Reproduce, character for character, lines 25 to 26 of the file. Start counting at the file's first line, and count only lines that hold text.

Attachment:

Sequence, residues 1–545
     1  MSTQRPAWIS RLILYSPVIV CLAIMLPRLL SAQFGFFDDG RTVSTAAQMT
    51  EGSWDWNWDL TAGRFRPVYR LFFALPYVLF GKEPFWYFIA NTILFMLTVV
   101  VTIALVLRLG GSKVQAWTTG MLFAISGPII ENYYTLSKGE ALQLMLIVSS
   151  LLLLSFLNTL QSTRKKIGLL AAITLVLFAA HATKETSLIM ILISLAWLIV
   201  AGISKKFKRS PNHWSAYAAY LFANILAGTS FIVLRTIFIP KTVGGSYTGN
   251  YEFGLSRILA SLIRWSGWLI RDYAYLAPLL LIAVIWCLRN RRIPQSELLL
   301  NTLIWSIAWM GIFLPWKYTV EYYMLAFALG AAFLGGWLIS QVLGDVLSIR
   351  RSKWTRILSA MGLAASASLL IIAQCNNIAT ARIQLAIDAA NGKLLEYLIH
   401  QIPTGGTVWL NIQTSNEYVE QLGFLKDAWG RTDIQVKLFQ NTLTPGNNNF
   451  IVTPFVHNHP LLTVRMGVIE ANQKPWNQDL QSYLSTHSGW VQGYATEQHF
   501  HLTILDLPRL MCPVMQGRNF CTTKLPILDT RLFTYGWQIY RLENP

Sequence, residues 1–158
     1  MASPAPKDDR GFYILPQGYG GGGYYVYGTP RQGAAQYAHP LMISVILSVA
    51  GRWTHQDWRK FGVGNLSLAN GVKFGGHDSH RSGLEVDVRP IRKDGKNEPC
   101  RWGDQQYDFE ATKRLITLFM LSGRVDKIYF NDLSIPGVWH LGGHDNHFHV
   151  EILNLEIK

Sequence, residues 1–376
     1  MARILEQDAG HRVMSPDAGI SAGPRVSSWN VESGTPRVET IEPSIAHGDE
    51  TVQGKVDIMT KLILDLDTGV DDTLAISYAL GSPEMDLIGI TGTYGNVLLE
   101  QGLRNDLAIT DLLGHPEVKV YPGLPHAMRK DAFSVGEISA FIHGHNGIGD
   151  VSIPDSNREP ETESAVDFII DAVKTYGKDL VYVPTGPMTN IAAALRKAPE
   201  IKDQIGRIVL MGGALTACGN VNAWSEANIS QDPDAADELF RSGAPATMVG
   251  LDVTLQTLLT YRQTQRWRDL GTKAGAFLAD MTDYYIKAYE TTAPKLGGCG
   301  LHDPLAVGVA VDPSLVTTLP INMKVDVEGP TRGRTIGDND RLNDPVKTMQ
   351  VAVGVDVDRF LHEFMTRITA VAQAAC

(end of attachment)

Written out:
   301  LHDPLAVGVA VDPSLVTTLP INMKVDVEGP TRGRTIGDND RLNDPVKTMQ
   351  VAVGVDVDRF LHEFMTRITA VAQAAC